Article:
• September 2004
  • Vol. 5, No. 7

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Increasing Numbers of Children Receive Interstate Adoption Assistance

Federal and State adoption subsidy programs, commonly referred to as "adoption assistance," were established to provide cash assistance and supportive services to adoptive families of children with special needs. To reduce barriers to adoption for waiting children, Federal law encourages States to facilitate the provision of adoption assistance even when a family who wishes to adopt lives outside the child's State of residence or when an adoptive family moves out of State after the adoption. A December 2003 report by the Association of Administrators of the Interstate Compact on Adoption and Medical Assistance (AAICAMA), Report on the Interstate Movement of Children Receiving Adoption Assistance, finds that increasing mobility and use of national adoption exchanges such as the AdoptUSKids website have resulted in increased numbers of children with special needs living in a State other than the State providing the adoption assistance ("the adoption assistance State").

The study, based on a survey of all States conducted in 2002, shows the majority of adopted children receiving State and Federal adoption subsidies (more than 75 percent) still reside in the State providing the adoption assistance. A relatively small percentage (9.8 percent) live in other States, while the child's State of residence could not be provided by approximately 16 percent of reporting States. Just 5 years earlier, however, the percentage of children living outside their adoption assistance State was 6.1 percent. Among the 30 States for which a comparison was possible, the numbers of children residing in a State other than the adoption assistance State grew by 70 percent during the 5-year period, from 9,878 children in 1997 to 17,098 children in 2002. Study authors suggest this increase indicates States are making progress toward breaking down geographic barriers to adoption.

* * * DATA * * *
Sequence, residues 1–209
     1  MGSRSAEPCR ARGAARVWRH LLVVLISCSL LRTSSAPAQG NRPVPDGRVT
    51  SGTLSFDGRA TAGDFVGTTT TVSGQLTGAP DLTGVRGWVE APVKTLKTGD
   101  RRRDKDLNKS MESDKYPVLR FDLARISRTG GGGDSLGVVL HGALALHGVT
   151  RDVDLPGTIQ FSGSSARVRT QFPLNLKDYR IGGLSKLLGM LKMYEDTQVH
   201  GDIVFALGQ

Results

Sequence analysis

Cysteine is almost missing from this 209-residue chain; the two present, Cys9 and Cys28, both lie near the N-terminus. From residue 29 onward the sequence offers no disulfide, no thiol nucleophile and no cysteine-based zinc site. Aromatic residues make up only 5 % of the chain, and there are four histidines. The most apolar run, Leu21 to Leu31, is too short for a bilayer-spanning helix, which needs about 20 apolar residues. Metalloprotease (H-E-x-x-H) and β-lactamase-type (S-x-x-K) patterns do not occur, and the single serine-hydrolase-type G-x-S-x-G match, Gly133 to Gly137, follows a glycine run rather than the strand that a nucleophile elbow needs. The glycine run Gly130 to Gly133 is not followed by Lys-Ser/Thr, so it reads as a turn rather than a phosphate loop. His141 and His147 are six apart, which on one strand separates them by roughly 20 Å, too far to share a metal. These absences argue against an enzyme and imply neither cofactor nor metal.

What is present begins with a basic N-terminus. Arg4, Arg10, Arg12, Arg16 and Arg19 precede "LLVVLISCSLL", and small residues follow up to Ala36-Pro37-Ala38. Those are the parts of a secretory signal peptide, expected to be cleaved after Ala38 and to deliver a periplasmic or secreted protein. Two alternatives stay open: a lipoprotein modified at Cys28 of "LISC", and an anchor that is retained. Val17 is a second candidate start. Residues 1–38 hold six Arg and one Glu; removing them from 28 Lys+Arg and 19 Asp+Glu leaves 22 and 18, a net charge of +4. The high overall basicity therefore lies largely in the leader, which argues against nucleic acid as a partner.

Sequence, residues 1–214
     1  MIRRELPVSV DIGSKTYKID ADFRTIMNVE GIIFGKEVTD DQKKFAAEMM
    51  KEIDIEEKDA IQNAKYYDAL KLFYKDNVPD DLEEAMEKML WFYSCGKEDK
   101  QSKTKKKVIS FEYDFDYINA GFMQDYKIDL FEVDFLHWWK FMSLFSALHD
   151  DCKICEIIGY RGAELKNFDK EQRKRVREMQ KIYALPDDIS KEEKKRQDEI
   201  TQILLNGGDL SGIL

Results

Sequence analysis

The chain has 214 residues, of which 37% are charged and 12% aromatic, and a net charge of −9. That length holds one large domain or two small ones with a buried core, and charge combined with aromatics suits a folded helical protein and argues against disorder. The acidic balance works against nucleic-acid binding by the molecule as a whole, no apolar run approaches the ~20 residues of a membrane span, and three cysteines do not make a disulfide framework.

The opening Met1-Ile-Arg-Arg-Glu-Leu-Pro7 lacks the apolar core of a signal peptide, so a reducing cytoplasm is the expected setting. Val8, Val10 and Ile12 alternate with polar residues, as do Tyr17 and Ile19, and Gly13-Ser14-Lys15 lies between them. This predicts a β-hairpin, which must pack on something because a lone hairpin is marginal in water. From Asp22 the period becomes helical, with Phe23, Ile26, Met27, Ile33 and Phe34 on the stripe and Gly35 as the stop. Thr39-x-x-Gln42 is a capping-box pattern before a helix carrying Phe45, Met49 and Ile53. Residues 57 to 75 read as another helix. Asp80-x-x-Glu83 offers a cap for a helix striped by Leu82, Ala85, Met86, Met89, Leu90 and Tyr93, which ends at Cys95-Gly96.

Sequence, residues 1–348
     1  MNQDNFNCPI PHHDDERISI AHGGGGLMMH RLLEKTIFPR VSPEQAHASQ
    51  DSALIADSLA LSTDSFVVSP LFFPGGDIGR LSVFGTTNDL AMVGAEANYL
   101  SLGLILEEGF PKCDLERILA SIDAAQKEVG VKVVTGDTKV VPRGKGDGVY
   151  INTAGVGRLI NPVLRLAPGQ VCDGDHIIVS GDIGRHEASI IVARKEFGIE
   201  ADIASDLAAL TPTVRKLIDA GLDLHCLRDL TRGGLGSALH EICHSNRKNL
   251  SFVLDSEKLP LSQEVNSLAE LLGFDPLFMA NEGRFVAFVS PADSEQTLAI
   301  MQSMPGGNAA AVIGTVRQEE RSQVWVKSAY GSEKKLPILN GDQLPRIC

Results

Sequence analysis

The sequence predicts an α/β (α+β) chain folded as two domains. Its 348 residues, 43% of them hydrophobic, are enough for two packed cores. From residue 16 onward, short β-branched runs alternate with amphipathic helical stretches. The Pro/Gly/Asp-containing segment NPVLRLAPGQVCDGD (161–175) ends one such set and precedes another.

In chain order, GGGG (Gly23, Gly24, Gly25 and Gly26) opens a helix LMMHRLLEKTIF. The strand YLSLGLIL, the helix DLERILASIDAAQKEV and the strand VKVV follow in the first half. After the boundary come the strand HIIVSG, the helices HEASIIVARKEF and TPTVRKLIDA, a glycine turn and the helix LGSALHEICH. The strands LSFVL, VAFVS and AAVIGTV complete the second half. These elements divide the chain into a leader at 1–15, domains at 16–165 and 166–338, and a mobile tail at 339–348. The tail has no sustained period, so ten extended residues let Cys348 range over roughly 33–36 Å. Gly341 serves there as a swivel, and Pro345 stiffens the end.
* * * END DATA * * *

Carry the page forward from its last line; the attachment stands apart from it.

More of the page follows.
Other findings include:

  • The number of children with special needs receiving State or Federal subsidies increased 71 percent (from 155,468 to 266,931) between 1997 and 2002 in the 39 States that completed surveys in both years.
  • During that time, there was an 80 percent increase in the number of children receiving Federal (Title IV-E) adoption assistance, and a 29 percent increase in the number of children receiving State-funded adoption assistance.
  • The proportion of children with special needs receiving Federal (vs. State-funded) subsidies is increasing--from 73 percent of children receiving subsidies in 1997 to 82.5 percent in 2002.
  • The majority of children living outside their adoption assistance State (59.4 percent) were initially adopted across State lines. A smaller percentage (41.1 percent) moved across State lines with their adoptive families after the adoption was finalized.

Research has shown that children with special needs and their adoptive families need support throughout the life of the adoption. As a result, this study highlights the need for States to have resources to provide adequate medical and post-adoption services for the growing numbers of children with special needs who will be crossing State lines during or subsequent to their adoptions.

The Interstate Compact on Adoption and Medical Assistance (ICAMA) provides a formal mechanism to ensure that adoptive parents and their children receive medical benefits and other services in interstate situations. For more information about ICAMA, visit the AAICAMA website at http://aaicama.aphsa.org

This study was supported by a Children's Bureau Adoption Opportunities Grant (#90-CO-0866). The report is available at http://aaicama.org/cms/resources-docs/Interstate_Movement_Survey_2003.pdf

Related Item

Adoption Assistance for Children Adopted From Foster Care: A Factsheet for Families, available from Child Welfare Information Gateway (http://www.childwelfare.gov/pubs/f_subsid.cfm), has more information about adoption assistance.

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